Risk-attitude selection bias in subject pools for experiments involving neuroimaging and blood samples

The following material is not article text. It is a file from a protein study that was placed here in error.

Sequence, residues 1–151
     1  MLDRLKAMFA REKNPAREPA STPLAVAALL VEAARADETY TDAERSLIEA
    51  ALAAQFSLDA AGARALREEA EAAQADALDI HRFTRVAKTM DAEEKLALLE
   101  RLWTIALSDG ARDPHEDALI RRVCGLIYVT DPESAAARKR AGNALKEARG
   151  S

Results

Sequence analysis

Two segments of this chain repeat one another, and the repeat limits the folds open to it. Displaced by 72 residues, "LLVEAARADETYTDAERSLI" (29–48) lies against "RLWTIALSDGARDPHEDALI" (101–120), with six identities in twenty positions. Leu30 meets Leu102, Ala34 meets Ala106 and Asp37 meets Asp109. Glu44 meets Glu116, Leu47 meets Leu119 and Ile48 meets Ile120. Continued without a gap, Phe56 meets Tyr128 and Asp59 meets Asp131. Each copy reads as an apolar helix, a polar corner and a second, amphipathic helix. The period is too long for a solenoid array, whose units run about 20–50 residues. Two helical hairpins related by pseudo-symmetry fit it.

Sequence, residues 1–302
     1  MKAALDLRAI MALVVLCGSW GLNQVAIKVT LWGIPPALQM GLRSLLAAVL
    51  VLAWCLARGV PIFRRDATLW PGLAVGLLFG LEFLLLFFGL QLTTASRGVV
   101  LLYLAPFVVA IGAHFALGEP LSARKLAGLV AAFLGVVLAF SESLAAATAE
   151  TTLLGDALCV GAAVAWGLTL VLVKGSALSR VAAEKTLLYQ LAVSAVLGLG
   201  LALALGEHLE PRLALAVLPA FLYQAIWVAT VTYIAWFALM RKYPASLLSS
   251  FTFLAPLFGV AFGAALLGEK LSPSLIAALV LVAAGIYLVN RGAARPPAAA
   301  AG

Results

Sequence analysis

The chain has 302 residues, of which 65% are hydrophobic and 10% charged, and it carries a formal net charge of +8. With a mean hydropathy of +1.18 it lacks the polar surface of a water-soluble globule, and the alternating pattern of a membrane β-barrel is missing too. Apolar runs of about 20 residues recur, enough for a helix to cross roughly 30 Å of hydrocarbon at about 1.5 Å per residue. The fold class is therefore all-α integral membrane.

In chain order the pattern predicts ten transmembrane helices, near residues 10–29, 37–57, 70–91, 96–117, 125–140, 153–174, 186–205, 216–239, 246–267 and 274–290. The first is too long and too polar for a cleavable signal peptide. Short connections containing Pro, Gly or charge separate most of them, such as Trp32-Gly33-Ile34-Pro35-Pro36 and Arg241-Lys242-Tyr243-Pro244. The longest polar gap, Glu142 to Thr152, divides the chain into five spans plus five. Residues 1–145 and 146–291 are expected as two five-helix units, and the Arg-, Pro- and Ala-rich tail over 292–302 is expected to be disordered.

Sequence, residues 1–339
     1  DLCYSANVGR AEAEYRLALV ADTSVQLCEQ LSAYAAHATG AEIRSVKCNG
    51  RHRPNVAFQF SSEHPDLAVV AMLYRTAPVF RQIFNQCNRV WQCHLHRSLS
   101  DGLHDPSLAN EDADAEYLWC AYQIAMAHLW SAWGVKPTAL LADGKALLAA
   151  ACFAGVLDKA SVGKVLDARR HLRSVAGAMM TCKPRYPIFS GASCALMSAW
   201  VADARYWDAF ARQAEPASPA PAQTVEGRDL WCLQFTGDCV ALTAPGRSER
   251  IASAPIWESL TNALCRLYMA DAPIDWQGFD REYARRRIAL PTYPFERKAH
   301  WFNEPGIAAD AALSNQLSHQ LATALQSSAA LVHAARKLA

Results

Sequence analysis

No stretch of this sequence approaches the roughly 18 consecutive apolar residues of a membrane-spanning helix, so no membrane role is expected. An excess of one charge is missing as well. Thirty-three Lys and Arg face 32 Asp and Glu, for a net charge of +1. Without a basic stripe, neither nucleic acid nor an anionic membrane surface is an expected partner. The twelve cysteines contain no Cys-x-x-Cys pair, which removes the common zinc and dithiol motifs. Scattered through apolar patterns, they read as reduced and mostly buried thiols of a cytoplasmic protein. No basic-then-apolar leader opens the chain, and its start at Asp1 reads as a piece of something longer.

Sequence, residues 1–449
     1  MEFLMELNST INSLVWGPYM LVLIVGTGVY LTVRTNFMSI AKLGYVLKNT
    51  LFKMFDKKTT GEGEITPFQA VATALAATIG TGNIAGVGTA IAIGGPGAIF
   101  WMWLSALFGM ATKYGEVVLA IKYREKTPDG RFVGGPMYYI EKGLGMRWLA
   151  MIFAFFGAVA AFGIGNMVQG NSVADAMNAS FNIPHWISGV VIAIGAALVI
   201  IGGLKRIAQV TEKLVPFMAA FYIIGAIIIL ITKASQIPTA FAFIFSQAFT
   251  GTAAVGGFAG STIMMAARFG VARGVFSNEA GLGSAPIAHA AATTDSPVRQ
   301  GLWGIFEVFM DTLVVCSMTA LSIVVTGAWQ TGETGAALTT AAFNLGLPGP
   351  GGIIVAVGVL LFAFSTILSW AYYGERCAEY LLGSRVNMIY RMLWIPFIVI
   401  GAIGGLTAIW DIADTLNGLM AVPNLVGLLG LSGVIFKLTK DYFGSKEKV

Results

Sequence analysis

Techniques such as neuroimaging and molecular genetics are increasingly used to investigate economic theory, decision making behavior and personality traits related to economic behavior (e.g., risk attitudes, reward dependence). The generalizability of this research is ultimately limited, however, if the subjects participating in such studies are not representative of the general population with respect to the behavior or traits of interest to the researcher. In this study, university student recruits answer surveys that assess risk attitudes prior to being told that the study involves a one-hour functional magnetic resonance imaging (fMRI) session and a blood sample obtained via phlebotomy. We find recruits with more conservative risk attitudes in two of four measured dimensions are less likely to agree to participate in the study due to these biomedical requirements, suggesting that recruitment among student volunteer populations for fMRI studies and for genetics studies requiring blood as genetic source material may induce a sample selection bias in the domain of risk attitudes. We find that limiting recruitment to individuals who have previously undergone certain types of medical interventions (MRI, computed tomography or surgery) eliminates the sample selection bias in the case of fMRI research and attenuates the bias in the case of genetics research. Furthermore, relying upon buccal cells rather than blood for genetic source material may attenuate sample selection bias. Buccal cell samples can be collected via less invasive oral techniques and have been shown to provide genotyping results that are comparable to blood samples.
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